Bye Bye Barnaby

Barnaby Joyce, the deputy prime-minister of Australia, occasional beetroot impressionist and the man who threatened to kill Johnny Depp’s dogs has been ruled ineligible to be an MP by the High Court


For earlier coverage see here

The short version being, a senator of the Green Party resigned from the senate because she discovered she was accidentally a Canadian and the Australian Constitution requires MPs and Senators to have no ties to another nation. Shortly after another Green senator resigned for similar reason. The Green Party was much mocked for this. However, it then emerged various other MPs/Senators may have had various levels of eligibility for citizenship. This created a kind of domino effect constitutional crisis which ended up in the High Court. The biggest name being Barnaby Joyce a man who has traded off a fare-dinkum Aussie country bloke image for his whole career but who was (inadvertently) eligible to be a Kiwi.

The Green Party haven’t quite brought down a government but they’ve come pretty close, just by being nice and following the rules.

10 responses to “Bye Bye Barnaby”

  1. I love the fact that while Americans will come into your house when you’re asleep and take your stuff, Kiwis will sneak into your house when you’re not looking and give you citizenship. 😀

    Liked by 3 people

  2. While the rest of the world is in flames over Nationalism vs. Globalism, the Australians seem to be having a surreal version of the same crisis, but at much lower temperature.

    Liked by 1 person

    • The funniest example was Malcolm Roberts – a senator for the openly xenophobic One Nation party, who also was a dual citizen.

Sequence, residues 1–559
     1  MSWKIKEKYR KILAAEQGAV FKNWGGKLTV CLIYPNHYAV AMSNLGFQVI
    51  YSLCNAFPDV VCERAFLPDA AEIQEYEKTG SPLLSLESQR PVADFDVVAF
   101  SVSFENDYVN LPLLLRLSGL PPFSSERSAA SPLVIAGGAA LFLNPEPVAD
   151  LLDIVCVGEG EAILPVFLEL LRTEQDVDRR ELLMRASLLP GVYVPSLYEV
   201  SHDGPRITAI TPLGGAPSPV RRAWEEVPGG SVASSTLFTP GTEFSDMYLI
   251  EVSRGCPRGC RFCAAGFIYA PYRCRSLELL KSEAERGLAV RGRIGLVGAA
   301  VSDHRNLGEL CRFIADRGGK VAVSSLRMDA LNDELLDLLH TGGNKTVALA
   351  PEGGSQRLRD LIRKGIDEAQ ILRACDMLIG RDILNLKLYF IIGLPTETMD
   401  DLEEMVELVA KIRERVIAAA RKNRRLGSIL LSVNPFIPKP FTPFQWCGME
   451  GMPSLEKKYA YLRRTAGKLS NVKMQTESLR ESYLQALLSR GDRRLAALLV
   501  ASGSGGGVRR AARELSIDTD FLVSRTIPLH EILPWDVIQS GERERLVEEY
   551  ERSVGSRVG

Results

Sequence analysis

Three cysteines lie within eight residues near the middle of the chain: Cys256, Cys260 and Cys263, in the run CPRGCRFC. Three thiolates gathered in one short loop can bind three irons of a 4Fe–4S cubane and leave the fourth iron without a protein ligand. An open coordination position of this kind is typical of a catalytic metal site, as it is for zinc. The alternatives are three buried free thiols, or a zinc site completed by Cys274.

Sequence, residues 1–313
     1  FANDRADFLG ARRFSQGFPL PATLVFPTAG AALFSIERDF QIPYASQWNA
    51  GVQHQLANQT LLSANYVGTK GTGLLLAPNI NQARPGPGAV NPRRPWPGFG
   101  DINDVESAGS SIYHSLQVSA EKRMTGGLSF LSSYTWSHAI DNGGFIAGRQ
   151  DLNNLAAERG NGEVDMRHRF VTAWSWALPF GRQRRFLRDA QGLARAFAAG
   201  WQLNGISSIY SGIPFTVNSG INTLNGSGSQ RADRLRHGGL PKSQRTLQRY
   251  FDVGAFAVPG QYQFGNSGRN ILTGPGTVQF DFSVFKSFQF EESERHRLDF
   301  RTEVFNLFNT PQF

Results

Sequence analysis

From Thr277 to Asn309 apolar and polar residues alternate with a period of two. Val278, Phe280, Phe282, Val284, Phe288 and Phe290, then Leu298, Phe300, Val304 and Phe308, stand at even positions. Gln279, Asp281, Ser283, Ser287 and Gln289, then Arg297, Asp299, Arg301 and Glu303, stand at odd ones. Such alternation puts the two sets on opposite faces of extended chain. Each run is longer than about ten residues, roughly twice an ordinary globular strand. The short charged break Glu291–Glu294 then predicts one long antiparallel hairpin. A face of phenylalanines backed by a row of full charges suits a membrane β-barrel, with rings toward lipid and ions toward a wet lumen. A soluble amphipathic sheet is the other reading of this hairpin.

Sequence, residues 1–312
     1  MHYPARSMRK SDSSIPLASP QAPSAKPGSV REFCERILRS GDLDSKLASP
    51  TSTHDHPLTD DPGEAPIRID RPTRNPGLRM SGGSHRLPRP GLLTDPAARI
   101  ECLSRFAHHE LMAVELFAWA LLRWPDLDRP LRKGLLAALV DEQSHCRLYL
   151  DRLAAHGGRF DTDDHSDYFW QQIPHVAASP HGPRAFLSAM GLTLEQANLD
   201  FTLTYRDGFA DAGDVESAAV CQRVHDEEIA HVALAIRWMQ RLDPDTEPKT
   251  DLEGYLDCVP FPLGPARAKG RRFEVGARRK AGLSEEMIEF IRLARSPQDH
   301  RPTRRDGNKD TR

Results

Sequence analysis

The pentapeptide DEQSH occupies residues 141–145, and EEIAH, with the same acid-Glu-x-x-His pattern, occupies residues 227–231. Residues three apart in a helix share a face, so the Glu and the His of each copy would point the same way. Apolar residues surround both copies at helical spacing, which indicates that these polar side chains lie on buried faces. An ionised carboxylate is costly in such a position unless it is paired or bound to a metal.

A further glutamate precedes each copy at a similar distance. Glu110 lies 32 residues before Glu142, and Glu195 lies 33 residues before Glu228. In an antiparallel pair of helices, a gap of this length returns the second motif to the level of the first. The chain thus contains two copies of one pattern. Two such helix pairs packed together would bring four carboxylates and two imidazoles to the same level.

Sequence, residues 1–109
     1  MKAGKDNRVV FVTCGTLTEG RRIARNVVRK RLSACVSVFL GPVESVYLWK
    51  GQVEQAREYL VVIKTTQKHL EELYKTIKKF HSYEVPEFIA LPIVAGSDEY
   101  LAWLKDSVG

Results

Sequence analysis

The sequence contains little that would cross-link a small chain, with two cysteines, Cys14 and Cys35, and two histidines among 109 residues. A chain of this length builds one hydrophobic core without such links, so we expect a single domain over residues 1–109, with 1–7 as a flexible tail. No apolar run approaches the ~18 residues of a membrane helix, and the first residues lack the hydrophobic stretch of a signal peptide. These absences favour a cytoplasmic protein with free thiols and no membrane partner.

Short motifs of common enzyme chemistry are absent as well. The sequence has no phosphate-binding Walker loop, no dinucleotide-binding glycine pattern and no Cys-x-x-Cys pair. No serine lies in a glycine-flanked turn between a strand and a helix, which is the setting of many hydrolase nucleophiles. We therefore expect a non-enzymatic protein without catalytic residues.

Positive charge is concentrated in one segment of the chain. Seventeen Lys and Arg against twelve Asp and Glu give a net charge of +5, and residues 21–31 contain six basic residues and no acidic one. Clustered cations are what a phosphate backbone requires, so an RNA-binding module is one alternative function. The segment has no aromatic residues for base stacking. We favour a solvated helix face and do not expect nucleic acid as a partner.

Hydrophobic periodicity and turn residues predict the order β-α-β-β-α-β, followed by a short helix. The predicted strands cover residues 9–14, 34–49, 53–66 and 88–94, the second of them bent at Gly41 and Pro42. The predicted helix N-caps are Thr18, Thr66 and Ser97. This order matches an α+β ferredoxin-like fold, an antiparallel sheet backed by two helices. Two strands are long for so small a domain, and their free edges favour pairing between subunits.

Australia has a deep xenophobic and racist streak to its culture but the ‘nation of immigrants’ idea is very true. Many, many people are either dual citizens with some other country or the children of dual citizens with some possibility of eligibility for citizenship. The hidden racism is that people just don’t think of immigrants from the UK or NZ *as* immigrants. I mean that literally – I’ve had those conversations with people moaning about immigrants & immigration as if I wasn’t an immigrant and when I point out that I’m an immigrant, getting blank looks. It’s very revealing – if you’re not from the Middle East, Africa or East Asia etc the anti-immigrants can’t even see you as an immigrant.

      Liked by 2 people

      • It is depressing how many things are just thinly veiled expressions of racism. They aren’t opposed to immigrants; only to immigrants who aren’t white. Ditto opposition to free trade. Trade with other white people is fine. (E.g. Europe.) It’s trade with China or Mexico that people are opposed to. Even people who think they’re liberals make arguments like this. Sigh.

        Liked by 1 person

  3. Does that mean the Kiwis can bring down the entire Australian government by granting citizenship to Aussie MPs – whether they want it or not?

    Liked by 1 person

    • It turns out that no they can’t but that was only resolved in this High Court decision.

      One of the cases was a senator (and Minister) who was accidentally Italian (no seriously). His mum (who was of Italian descent) had applied for citizenship and in the process applied for him without his knowledge or consent. It was ruled that he was not ineligible and could remain in Parliament.

      The court ruled that ignorance of your status was not a defence (this is what impacted Barnaby Joyce) but somebody else’s actions was a defence.

      Other edge cases involve MPs who may have acquired rights to citizenship due to retroactive legal changes in some other country. The edge between a right to apply to be a citizen and being technically a citizen whose rights have not be acknowledged is another tricky element.


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